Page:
Florida Keys: Planning Your Trip

Directly above view of the Overseas Highway in Florida Keys with turquoise watercolor.
Artur Debat / Getty Images

Each year millions of vacationers visit the Florida Keys. Moderate year-round temperatures that come from its unique geographical location nestled between the waters of the Atlantic Ocean and the Gulf of Mexico provide the perfect setting for limitless outdoor recreation including fishing, boating, scuba diving, snorkeling, canoeing, kayaking, hiking, biking, and camping. And, of course, nature lovers will enjoy seeing abundant wildlife.

If you're planning a Florida Keys vacation, learning a little bit about the area and what to expect will help you get the most from your time and vacation dollars.

Planning Your Trip

  • Best Time to Visit: In terms of warm weather, the Florida Keys are truly a year-round destination. The extended Halloween celebration known as Fantasy Fest in Key West at the end of October is one of the busiest times to visit, and it stays busy through the winter as folks escape the cold at home. Summer is considered the off-season and visitors will discover that rooms are cheaper and the Keys are less crowded during these months, but it's also muggy and thunderstorms are common. Hurricane season is officially from June to November, but most storms occur in August and September. The chance of a storm hitting the Keys is rare, but if a storm is predicted then be aware that you'll likely be evacuated before it hits.
  • Language: The language spoken throughout the Florida Keys is English, although Spanish is commonly spoken as well.
  • Currency: The U.S. dollar is the currency used, with credit and debit cards widely accepted.
  • Getting Around: All of the main islands are connected via the Overseas Highway, so you'll need a car if you plan on visiting multiple spots. If you're staying on one island, it's easy to get around by bike, scooter, bus, or walking.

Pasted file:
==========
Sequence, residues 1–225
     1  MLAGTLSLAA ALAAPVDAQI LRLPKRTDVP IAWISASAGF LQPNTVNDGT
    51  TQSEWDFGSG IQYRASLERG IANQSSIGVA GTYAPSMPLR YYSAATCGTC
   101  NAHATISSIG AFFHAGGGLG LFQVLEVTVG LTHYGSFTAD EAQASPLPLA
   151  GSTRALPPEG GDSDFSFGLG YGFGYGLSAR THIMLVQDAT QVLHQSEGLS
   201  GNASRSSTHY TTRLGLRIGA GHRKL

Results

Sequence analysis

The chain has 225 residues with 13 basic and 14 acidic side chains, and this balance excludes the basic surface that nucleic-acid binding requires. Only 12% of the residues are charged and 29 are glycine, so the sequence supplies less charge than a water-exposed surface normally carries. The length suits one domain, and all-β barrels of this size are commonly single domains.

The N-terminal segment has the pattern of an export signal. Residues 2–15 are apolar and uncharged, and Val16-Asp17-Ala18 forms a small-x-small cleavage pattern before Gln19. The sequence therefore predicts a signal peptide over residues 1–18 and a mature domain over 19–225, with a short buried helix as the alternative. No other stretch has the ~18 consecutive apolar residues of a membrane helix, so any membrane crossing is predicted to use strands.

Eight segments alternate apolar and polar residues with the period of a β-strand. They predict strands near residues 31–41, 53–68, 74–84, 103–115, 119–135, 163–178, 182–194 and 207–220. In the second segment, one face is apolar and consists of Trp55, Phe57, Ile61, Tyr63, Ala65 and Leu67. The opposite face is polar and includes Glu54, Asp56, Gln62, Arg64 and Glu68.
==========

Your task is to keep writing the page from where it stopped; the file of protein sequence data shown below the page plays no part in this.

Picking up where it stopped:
• Travel Tip: The Florida Keys have a reputation for honeymooners, bachelor and bachelorette parties, or retirees, but these islands are also very family-friendly. If your kids enjoy exploring outdoors, they'll love this little paradise just as much as everyone else.

Things to Do

The Florida Keys are one of the most paradisiacal destinations in the entire U.S. and the main activities are exactly what you'd expect for a tropical getaway. While it's easy to think of the Keys as one uniform place, they are actually incredibly diverse, beginning with Everglades National Park at the point closest to the mainland and stretching 180 miles to the exuberant nightlife of Key West. Regardless of which islands you visit, there is plenty to keep busy in these parts.

  • Dive down to an underwater park. Scuba diving and snorkeling are excellent at any one of the over 800 islands that make up the Florida Keys, but John Pennekamp State Park on Key Largo is unique for being the first undersea park in the country—and one of the best diving spots in Florida. Dive through coral reefs, aquatic mangrove orchards, and even sunken parts of an old Spanish ship, all while keeping an eye out for local wildlife like sea turtles and dolphins.
  • Cast your rod and try sportfishing. The warm Gulf waters are filled with fish, and sport fishing is one of the most popular activities in the area. You can hop on a boat and fish anywhere from Key Largo to Key West, but the island of Islamorada is considered the sportfishing capital of the world. Fishing excursions are common and easy to find, whether it's deep sea, offshore, or backcountry fishing. Catch and release is a common practice in the Florida Keys to protect the local ecosystem, and the state of Florida reminds anglers to "limit your catch, not catch your limit."
  • Take a tour of Ernest Hemingway's home. The Florida Keys aren't just about beach time and sunshine. One of America's greatest novelists and recipient of the Nobel Prize in Literature resided for many years in Key West, and his Spanish Colonial-style home is open for guided tours. To add to the Hemingway experience, it was in the waters between Key West and Cuba that set the scene for one of his most famous novels, "The Old Man and the Sea."

What to Eat and Drink

You've probably heard of Key lime pie, which is widely available across all of the Florida Keys and made with special Key limes that have a distinct flavor from the more common green limes you see at your local market. But this regional dessert is hardly the only food to try on your vacation. Due to their location, Florida Key cuisine is a delicious fusion of Southern U.S. and Caribbean flavors, and seafood tends to be the star.